Even before Governor Quinn signs into law the Illinois legislature’s tax bill, the debate continues: is this the best course of action to close a budget gap? Many say that instead of trying to generate more revenue from already frustrated taxpayers, the state must make a concerted effort to instill measures for responsible pension reform (i.e. not passing the burden onto cash-strapped municipalities) and further cut spending and services. By raising both the personal and corporate income tax Illinois has made the grave assumption that the current sources of revenue will stay at, or exceed current levels.
Of course, the headlines tout the increase in the personal income tax from 3% to 5%, or some 67% overall. This is a significant change but also at issue is the corporate tax rate. Once 4.8% plus a 2.5% replacement tax (a tax collected by the state and paid to local governments in lieu of local property taxes) that levy will rise to 9.5%– including the aforementioned replacement tax. Even though, the bill contains provisions that factor out these supplemental taxes over time, the contention here is about the future of the state. How can Illinois fiscally sustain itself in an environment that is hostile to everyone’s bottom-line?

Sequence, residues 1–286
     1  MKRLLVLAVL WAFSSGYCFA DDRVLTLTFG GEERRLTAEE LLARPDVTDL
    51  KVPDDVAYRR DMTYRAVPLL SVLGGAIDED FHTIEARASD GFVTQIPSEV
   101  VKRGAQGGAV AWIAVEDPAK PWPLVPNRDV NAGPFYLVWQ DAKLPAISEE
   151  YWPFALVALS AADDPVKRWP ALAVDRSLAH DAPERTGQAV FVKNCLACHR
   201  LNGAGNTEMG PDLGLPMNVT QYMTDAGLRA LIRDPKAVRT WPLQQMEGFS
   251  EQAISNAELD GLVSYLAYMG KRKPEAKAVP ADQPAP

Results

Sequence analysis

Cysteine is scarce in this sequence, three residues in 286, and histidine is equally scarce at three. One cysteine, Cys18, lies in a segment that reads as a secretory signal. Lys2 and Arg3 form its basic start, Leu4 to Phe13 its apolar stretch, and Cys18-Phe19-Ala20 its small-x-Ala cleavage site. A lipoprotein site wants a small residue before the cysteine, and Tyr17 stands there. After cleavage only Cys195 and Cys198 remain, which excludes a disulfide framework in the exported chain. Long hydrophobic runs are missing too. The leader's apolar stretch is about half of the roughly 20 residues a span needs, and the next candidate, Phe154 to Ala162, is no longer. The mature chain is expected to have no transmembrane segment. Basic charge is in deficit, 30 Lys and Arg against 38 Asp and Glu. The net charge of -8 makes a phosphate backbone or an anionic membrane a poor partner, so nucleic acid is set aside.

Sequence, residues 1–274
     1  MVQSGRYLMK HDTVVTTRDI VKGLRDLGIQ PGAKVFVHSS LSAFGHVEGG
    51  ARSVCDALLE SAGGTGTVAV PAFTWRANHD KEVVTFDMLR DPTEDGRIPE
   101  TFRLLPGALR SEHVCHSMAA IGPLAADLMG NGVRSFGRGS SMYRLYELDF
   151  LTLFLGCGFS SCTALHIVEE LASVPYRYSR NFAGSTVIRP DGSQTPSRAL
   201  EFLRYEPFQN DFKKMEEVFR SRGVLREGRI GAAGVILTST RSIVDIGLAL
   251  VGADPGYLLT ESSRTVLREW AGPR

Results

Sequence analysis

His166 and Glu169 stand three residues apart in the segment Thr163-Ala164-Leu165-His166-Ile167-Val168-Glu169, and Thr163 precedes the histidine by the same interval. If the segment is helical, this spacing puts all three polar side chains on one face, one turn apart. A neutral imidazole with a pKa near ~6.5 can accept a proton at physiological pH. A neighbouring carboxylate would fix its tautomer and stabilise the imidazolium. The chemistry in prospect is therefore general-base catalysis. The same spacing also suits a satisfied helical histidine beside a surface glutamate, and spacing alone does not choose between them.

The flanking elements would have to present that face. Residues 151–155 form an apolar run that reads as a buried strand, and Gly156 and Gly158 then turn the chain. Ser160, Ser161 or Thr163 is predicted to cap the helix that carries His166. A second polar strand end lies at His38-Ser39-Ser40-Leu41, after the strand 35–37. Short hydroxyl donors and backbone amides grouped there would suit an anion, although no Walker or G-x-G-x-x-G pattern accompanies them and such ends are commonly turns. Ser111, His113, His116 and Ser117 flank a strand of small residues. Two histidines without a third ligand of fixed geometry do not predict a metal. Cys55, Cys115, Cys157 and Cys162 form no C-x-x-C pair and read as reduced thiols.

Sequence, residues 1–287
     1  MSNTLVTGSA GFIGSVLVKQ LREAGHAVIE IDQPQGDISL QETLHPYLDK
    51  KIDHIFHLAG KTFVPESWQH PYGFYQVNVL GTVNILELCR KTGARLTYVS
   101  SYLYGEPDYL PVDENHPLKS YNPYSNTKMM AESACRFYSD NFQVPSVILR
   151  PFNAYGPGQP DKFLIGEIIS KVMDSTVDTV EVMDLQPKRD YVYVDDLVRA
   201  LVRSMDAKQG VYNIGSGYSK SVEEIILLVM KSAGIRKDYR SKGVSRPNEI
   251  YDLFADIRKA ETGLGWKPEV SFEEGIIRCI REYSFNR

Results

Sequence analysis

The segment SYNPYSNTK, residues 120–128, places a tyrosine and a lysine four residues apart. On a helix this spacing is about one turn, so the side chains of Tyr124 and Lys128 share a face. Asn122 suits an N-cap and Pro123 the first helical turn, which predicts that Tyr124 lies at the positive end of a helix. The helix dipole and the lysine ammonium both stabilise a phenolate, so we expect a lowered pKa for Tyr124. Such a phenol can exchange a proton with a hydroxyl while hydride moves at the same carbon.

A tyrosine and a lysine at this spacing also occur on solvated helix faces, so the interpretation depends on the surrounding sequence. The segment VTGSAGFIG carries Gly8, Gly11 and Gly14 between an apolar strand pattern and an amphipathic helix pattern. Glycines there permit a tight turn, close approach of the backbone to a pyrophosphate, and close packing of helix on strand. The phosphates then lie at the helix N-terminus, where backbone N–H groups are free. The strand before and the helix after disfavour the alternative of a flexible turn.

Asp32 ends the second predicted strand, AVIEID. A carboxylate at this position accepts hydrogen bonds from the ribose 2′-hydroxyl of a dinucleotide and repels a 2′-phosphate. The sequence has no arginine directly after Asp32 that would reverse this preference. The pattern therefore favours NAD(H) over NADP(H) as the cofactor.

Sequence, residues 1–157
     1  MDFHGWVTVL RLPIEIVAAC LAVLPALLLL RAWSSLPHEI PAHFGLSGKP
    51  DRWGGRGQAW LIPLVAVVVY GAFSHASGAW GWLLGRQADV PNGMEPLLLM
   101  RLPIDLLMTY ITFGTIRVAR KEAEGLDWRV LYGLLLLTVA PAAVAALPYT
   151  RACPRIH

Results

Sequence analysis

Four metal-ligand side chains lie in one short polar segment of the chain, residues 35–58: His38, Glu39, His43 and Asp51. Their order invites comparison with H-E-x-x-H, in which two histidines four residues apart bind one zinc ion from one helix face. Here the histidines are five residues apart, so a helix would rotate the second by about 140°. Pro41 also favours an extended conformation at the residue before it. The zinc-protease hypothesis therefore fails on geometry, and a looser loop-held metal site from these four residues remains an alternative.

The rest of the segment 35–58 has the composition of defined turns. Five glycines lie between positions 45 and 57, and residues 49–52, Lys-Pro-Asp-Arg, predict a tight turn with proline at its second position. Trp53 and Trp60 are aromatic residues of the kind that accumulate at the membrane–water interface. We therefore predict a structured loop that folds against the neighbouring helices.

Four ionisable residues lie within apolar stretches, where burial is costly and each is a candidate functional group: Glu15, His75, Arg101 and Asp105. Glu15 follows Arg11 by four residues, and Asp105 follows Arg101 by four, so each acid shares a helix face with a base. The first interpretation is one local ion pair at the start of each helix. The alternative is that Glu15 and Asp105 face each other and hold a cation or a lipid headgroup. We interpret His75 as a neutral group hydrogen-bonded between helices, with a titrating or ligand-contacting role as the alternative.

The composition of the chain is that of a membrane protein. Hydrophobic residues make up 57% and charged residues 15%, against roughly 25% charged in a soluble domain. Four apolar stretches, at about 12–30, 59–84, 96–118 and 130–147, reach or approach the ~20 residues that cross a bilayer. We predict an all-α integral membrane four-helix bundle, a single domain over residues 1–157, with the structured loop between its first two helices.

Coincidentally, times have changed and people, not to mention corporations, are willing to make a move and spare their bank accounts an undue burden. We live in a time where money is more powerful than loyalty. The doomsday scenario posits that masses of Illinois residents will pick up their belongings and head to neighboring states or toward the Sunbelt where warm weather is amble but unemployment is just as bleak. Whether this becomes a reality is for time to tell, but the state must now actively work for its money especially in regards to business.